Blame game begins on killing of CRPF personnel by Maoists in Sukma

New Delhi : A day after an IED explosion triggered by Maoists on a Mine Protected Vehicle (MPV) resulted in the killing of nine CRPF personnel in Chhattisgarh’s Sukma district, a blame game appears to have started on Wednesday between the paramilitary force and the state police.
The Central Reserve Police Force (CRPF) hinted that the fault was of a senior Chhattisgarh Police officer that the incident resulted in heavy casualties.

Nine personnel of CRPF’s 212 Battalion were martyred and two injured in the biggest attack this year when Maoists blew up an MPV in which they were travelling on the 5-km under-construction Kistaram-Palodi road in Sukma at around 12.30 p.m.

CRPF said that Sukma Superintendent of Police Abhishek Meena had asked its Commanding Officer (CO) Prashant Dhar to provide assistance to a District Reserve Group (DRG) team of Chhattisgarh Police heading towards Palodi. Asking for protection is a routine affair as both the forces work in coordination in most of the operations in the Maoist-affected district.

That same morning, a CoBRA team from the CRPF had been attacked by the Maoists. But after retaliation, the attackers had fled.

Explaining the events leading up to the second attack within four hours of the first, Deputy Inspector General of CRPF M. Dinakaran told IANS: “Generally, we never take the same routes after such attacks. We knew that the ultras might attack our teams again, but it was Sukma S.P. Abhishek Meena who visited our camp in Kistaram and asked our CO to send a CRPF team with the DRG.”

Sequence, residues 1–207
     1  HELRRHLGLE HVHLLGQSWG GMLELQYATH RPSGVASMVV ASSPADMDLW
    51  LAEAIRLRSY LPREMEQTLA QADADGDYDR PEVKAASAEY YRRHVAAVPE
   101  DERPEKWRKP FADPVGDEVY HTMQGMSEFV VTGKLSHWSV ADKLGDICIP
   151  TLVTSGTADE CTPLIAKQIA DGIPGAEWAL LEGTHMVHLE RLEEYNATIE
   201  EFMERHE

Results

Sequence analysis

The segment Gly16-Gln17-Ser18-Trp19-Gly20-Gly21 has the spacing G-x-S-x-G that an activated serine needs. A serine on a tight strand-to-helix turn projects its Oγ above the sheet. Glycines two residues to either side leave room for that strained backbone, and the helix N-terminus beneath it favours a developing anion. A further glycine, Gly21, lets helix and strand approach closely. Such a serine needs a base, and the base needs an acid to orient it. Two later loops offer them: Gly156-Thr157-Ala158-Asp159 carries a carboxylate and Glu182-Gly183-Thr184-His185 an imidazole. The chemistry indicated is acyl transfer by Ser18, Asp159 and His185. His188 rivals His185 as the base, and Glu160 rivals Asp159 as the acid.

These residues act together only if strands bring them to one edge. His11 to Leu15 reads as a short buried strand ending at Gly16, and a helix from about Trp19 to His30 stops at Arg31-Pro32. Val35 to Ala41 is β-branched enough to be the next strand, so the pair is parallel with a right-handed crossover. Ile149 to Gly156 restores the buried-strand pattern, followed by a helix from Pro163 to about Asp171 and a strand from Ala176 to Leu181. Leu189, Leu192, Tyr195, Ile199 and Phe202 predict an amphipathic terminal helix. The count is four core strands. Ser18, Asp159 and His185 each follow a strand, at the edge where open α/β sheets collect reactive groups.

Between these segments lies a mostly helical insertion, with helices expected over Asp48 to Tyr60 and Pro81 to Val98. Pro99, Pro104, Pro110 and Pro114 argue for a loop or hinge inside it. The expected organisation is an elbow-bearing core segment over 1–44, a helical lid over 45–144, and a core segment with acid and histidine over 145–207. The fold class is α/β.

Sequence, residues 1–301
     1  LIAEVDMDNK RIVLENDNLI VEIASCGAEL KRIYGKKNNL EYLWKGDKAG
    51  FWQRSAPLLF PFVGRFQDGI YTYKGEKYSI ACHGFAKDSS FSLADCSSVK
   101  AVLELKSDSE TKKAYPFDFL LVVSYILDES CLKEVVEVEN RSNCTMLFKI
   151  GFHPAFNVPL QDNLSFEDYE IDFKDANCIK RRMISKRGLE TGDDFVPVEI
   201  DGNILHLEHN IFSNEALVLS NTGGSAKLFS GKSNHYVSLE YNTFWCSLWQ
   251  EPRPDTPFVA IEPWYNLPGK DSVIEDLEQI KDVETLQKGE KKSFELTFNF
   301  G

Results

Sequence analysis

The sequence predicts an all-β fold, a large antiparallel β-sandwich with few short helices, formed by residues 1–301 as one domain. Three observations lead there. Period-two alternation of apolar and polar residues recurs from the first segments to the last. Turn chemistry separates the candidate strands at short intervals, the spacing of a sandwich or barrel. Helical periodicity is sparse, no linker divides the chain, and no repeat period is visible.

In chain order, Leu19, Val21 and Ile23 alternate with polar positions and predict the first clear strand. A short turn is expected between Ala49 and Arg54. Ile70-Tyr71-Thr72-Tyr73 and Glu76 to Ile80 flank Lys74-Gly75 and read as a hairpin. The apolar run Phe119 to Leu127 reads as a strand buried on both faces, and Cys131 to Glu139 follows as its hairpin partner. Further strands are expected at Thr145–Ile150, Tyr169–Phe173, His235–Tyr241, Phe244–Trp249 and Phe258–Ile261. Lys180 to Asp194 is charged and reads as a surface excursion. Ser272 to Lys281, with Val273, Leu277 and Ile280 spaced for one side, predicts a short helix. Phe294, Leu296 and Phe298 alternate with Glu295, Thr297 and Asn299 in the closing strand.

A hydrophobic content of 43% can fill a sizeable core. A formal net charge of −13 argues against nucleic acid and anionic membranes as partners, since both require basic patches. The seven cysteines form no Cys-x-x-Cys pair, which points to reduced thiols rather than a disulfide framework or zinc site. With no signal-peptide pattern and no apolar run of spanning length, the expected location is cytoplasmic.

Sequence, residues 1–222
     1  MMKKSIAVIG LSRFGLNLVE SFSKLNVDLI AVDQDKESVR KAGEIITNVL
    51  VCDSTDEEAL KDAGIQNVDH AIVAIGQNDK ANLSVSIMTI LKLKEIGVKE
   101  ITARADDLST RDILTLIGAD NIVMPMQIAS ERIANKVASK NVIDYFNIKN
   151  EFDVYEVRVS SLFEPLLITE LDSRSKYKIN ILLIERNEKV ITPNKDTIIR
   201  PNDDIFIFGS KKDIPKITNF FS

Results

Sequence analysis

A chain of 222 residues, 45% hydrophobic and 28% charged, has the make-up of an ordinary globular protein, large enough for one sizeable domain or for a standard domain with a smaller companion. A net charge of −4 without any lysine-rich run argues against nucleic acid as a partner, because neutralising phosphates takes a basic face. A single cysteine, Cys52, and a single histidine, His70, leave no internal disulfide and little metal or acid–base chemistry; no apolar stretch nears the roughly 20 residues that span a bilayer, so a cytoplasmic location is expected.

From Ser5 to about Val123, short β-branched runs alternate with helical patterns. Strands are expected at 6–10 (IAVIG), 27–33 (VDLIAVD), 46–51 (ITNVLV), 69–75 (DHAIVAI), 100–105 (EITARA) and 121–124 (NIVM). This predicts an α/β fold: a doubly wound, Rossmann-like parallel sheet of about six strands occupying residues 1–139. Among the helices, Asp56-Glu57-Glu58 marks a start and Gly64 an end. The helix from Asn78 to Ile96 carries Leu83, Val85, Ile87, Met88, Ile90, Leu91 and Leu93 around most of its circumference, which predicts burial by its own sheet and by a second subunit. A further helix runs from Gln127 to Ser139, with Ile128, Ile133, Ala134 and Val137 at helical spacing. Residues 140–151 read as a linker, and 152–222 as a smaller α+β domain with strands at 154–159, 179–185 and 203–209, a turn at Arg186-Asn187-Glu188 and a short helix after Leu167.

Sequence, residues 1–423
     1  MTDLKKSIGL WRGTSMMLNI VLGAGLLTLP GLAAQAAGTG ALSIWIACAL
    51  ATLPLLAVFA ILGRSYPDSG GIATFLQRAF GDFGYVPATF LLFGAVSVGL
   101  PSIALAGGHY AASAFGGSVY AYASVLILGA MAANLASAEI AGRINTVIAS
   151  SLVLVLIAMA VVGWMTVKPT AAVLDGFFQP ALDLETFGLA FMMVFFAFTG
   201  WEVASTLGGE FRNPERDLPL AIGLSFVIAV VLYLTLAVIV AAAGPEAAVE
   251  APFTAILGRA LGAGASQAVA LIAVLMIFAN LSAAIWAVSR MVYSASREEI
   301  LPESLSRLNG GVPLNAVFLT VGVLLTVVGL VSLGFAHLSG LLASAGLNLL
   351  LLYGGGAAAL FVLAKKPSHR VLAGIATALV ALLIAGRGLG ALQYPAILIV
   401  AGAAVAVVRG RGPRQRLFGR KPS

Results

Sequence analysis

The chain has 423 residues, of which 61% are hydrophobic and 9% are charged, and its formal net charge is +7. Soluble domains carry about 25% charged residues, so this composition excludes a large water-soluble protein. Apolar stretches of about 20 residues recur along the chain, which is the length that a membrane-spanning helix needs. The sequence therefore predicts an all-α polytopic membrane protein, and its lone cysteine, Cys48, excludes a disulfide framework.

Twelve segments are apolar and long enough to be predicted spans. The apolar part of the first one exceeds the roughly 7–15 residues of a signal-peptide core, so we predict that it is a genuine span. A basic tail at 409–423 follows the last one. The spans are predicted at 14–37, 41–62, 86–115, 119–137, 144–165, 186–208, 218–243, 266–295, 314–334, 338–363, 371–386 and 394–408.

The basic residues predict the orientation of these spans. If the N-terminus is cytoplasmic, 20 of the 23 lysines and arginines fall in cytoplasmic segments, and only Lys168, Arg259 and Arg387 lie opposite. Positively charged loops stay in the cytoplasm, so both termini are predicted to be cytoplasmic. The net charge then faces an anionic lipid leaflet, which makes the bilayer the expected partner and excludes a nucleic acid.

However, Dinakaran said that when the commanding officier explained that Maoists could attack a second time, the Sukma S.P. decided to move without the CRPF’s assistance. But “thinking that, if any untoward incident happened with the DRG, he would be held responsible, Dhar finally decided to send a team of 212 battalion with the Sukma S.P. It was the biggest mistake,” Dinakaran said.

Meena could not be contacted on phone despite several attempts. A mail sent to him by IANS remained unanswered.

Asked if it was intelligence failure on the part of CRPF, Dinakaran said: “No, it’s not a matter of intelligence failure. Our CoBRA team was attacked by two Maoist groups around 8 a.m. on the same route.”

Clarifying that he did not want to enter into a blame game, Dinakaran said: “We are still waiting for a final report of the whole incident which will be prepared by a DIG-rank CRPF official.”

Asked if sending an MPV was a wise decision, Dinakaran said that such vehicles were useful when there was a possibility of an attack. “As the CO had apprehension of another attack by the Maoists, he chose to move some men in two MPVs so that they would not be hurt during the operation.”

“The DRG team, including Meena, was on motorcycles along with some of our men. Over 20 men were in the two MPVs,” he narrated.

After the DRG team and one MPV had passed through the area safely, the second MPV was blown up by a heavy-duty IED planted on the road by the Maoists. Dinakaran said the MPV had the capacity to withstand an IED with explosives up to 60 kg. The one used by the Maoists were assessed to have over 100 kg of explosives.


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